" 3. That, from these reports, fhrnlsbed by the Ecclesiastical Commissioners them- selves, it appears to this House that the provisions of the Act 6 and 7 William IV. c. 77, so far as relates to episcopal incomes, have not been carried out according to the in- tentions of Parliament."

Mr. I'LusErritE supported the resolutions. If the object of the act was that any surplus funds should be applied to promote the comforts of the working clergy, unquestionably they ought to be so directed.

Sir GEoRGE GREY heartily concurred with his friend Mr. Horaman as to the importance of the subject, as to the great necessity for supplying the spiritual destitution in the country, and as to the importance of rendering every means available for meeting that destitution as efficient as possible. But he would ask whether the third and last of these resolutions would advance one step the object in view? Mr. Horaman had alluded to the returns made in 1831, and he assumed that - the Ecclesiastical Commissioner: could from those returns draw a right conclu- sion as to the income of future years: whereas the fact was, that those returns of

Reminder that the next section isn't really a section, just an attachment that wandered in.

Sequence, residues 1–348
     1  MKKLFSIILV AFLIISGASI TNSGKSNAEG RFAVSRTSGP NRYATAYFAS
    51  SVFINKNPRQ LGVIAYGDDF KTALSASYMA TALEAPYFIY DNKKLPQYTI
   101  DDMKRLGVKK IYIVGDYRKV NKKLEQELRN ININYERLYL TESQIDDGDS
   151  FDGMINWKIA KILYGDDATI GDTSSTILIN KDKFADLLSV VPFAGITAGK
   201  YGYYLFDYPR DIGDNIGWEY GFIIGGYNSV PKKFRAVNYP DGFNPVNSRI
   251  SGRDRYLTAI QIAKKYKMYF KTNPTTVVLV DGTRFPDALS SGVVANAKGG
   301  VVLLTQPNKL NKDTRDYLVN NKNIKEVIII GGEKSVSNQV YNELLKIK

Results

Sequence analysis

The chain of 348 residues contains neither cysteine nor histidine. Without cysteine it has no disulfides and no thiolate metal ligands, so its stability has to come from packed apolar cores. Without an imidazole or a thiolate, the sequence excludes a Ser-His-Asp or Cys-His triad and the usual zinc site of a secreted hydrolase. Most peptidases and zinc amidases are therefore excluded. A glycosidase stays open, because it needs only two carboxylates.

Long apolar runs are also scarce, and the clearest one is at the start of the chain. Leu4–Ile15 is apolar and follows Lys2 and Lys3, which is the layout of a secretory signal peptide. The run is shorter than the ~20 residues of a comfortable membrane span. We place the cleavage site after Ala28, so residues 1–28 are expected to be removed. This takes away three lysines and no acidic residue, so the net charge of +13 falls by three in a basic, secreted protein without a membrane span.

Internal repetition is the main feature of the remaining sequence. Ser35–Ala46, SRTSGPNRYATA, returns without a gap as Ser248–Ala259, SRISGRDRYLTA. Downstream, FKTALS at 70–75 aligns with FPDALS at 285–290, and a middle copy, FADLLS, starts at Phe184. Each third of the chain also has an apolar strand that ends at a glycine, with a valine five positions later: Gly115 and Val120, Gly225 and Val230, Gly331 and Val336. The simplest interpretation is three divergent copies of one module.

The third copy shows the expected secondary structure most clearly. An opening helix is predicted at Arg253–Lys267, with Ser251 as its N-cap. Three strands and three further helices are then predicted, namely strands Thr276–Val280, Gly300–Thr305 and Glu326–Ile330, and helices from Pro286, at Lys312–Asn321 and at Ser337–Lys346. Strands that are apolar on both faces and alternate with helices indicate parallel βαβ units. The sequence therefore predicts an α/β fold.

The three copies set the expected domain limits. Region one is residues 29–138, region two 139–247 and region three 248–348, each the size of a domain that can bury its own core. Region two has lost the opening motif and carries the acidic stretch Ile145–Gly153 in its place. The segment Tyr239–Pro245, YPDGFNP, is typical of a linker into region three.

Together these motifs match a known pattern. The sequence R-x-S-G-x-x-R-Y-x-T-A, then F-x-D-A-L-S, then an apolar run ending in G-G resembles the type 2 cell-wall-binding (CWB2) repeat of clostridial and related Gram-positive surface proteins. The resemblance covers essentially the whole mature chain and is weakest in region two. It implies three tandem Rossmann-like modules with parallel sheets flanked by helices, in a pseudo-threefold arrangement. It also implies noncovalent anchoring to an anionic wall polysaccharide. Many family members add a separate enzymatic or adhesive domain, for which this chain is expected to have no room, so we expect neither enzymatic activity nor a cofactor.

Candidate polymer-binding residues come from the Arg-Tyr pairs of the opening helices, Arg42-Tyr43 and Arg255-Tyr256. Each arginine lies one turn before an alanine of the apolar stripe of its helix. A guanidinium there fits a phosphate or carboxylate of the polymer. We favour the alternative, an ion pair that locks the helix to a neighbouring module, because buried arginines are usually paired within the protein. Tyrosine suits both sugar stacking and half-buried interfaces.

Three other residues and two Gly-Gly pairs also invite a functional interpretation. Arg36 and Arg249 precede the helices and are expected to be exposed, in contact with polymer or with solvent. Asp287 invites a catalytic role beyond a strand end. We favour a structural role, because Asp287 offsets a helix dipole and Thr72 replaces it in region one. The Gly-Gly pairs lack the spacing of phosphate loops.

• 1831 in no one instance gave an accurate report of what the incomes were. Sir George did not mean to say that the arrangement was not open to objection, nor that it was incapable of amendment; but he contended that the arrangement to which their attention had been drawn was part of an act of Parliament, and that in carrying out that arrangement the Commissioners were merely carrying out the law. He did not cranial the returns had anything to do with the point. Mr. Ilorsman bad said that it was the duty of the Bishops to contribute largely to relieve the spiritual destitution of the country: but the Archbishop of Canter- bury, the Bishop of Durham, and other Prelates, had contributed largely.